While the local Halifax Mooseheads have a plan in place for their upcoming season to welcome fans back in seats by Oct. 3, the story for university sports in Halifax is quite the opposite.
With COVID-19 forcing the suspension of the 2020 AUS fall season, the earliest the Dalhousie University Tigers could return to play is January 2021. How exactly university sports will work when they do return is unclear. One thing is certain–they will look different.
“As much as we all want to get back to playing sports and competing, there’s still a lot of unanswered questions at this point,”– Tim Maloney, executive director of Dal Athletics and Recreation.
The Mooseheads have been given the go-ahead from the Nova Scotia government to allow fans in stands at the Scotiabank Centre this season. The facility is one of four approved by the province to allow spectators into events.
As expected, this will happen with significantly reduced attendance numbers and plenty of safety protocols in place. The protocols were announced by the Mooseheads on their website and determined with guidance from provincial officials.
The measures at the Scotiabank Centre will include: limiting attendance to about 2,000 spectators (as opposed to the arena’s capacity of more than 10,500), separating fans into 10 zones of 200 people, mandatory non-medical face masks at all times (unless fans are consuming food or beverages), assigned washroom locations and digital-only tickets.
The Mooseheads will play 60 games this season against teams from the Maritime division. This means they won’t be playing any games against teams from outside the Atlantic bubble, including the league’s Quebec teams. The Mooseheads will begin their season with back-to-back games against the Cape Breton Eagles, who have also been cleared to allow fans into their games at Centre 200 in Sydney. The teams begin their doubleheader on Oct. 2.
A different fan experience
Maloney said several measures could be in place for Dal like the Scotiabank Centre’s protocols.
“Figuring out single points of entry and exit, managing traffic flow, social distancing with respect to seating, likely a face covering at least until you get to your seat. There will probably be minimal to no food or beverage service,” he said.
The fan experience at games is something Maloney believes will be far different from past years.
“The Mooseheads [and others] are clearly going to great lengths to have a [smaller] number of fans in the building, which begs an interesting question around what kind of fan experience that provides,” Maloney said. “We work hard to provide a fun and energetic environment so that students and community members can enjoy our games. When you think about all the measures that might have to be in place, that experience will certainly look a lot different.”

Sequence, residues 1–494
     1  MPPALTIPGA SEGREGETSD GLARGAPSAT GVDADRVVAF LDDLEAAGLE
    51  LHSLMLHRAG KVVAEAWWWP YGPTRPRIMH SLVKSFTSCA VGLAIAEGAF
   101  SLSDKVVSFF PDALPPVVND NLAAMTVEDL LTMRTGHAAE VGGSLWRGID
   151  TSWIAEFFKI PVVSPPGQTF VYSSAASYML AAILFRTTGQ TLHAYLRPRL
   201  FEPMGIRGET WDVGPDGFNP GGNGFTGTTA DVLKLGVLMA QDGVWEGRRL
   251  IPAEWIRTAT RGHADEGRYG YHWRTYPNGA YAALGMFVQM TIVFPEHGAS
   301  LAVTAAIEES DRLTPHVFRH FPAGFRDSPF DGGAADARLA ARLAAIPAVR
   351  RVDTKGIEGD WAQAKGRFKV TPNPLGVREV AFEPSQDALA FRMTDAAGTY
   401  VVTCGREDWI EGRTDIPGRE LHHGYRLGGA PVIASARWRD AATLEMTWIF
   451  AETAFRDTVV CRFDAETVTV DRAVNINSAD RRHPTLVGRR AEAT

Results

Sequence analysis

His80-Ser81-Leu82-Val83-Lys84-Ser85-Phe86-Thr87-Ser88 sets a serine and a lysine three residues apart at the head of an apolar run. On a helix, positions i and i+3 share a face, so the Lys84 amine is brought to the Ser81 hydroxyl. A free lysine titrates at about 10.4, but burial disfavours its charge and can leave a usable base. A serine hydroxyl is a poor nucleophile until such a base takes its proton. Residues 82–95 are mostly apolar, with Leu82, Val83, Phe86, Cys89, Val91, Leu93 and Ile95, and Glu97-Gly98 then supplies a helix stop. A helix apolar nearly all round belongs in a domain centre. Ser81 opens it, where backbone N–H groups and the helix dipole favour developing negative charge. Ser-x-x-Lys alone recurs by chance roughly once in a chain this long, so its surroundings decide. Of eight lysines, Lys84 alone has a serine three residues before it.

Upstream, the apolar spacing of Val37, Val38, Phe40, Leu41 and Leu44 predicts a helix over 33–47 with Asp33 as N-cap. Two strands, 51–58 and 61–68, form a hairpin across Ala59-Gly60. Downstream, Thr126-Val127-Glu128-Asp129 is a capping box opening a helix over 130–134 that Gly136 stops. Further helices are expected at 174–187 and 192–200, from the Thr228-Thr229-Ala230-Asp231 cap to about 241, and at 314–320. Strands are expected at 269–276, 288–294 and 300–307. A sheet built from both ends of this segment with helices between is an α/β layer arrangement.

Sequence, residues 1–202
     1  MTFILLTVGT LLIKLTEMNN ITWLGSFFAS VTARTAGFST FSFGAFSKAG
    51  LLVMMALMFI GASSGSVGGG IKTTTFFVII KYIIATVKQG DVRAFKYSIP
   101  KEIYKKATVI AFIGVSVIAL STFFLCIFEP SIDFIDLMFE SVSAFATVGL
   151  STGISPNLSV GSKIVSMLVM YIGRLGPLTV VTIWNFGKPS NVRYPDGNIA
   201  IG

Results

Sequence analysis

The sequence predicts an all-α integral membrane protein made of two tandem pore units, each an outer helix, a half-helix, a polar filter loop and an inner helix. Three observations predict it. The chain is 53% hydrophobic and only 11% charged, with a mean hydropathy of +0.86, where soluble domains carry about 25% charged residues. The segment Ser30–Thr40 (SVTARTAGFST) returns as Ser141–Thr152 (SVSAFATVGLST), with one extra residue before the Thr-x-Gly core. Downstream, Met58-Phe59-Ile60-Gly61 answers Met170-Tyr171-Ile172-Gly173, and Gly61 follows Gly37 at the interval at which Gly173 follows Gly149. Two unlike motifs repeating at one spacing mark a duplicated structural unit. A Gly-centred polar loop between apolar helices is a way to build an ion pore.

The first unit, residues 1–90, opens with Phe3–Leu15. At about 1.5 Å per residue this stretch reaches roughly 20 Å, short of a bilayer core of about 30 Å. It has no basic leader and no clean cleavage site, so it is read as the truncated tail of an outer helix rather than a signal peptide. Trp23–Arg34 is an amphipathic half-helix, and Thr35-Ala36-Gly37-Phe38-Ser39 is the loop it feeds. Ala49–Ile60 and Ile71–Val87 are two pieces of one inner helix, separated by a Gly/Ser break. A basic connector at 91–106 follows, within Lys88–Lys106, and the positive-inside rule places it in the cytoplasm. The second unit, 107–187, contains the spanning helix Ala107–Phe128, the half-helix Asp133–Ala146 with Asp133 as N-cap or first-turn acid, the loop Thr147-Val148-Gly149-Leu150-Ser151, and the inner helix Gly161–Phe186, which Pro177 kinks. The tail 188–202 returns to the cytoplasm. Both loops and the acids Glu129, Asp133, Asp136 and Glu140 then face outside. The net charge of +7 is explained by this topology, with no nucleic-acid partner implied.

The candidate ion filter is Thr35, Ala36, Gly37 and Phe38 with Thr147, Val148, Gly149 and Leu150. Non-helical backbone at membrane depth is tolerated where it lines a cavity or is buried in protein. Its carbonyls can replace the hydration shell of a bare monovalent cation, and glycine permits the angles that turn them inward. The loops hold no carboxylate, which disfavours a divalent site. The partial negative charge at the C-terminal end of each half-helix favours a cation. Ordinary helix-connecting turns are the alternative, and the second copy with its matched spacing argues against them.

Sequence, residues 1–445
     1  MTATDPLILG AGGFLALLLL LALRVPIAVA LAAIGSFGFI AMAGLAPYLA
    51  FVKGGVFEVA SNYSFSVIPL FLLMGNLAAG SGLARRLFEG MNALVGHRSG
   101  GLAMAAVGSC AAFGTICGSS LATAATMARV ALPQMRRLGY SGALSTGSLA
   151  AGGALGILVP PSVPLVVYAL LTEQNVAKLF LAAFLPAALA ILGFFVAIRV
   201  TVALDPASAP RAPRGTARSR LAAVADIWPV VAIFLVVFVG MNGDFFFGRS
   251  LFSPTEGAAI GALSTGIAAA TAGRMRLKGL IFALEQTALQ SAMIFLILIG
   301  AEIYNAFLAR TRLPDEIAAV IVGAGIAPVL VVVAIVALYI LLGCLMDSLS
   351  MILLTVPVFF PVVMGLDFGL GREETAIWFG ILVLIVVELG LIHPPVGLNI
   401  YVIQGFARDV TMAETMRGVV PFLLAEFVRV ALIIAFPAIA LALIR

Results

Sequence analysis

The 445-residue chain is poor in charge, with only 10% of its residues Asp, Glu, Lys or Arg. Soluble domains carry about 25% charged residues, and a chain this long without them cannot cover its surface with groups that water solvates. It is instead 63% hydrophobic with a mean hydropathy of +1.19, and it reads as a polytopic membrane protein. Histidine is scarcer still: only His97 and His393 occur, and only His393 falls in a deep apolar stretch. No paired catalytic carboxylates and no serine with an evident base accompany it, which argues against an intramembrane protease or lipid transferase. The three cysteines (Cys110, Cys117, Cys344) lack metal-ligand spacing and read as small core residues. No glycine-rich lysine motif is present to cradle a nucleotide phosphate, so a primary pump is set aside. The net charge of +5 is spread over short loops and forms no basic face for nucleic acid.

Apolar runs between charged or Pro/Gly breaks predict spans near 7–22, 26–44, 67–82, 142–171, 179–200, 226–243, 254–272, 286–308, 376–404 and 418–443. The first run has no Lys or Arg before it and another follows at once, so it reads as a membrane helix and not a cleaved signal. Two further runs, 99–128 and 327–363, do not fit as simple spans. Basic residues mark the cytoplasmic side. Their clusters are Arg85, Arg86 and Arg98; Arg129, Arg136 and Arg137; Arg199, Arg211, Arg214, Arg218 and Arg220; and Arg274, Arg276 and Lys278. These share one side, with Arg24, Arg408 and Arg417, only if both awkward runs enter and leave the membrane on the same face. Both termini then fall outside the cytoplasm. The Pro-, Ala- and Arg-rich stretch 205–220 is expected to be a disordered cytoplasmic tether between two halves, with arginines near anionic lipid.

Athletes get used to new game atmosphere
Not only will the experience be different for the fans, but also the players that entertain them. Many will need to adjust from an atmosphere with hordes of fans cheering them on to one with fewer or no fans.
The support from fans was important for many Dal athletes last year, including the national finalist men’s basketball team and their 2019-2020 co-MVP Alex Carson. He credited the team’s strong record at home to help from fan support.
“It was massive. Family, friends and other sports teams came to cheer us on, the alumni that always comes sitting in the front row,” said Carson. “A big part of [our undefeated season at home] was our fans coming out to cheer us on.”
Since the fan-filled atmosphere the Tigers are used to will most likely not be near previous seasons, Carson believes players will have to find new ways to create that atmosphere themselves.
“I think it’s going to come from us as players cheering each other on and being as loud as we can down the bench and on the court with one another,” he said. “As you see with the NBA bubble now, they have no fans there. You see teams and benches cheering as loud as they can because that’s all that they have there: their team.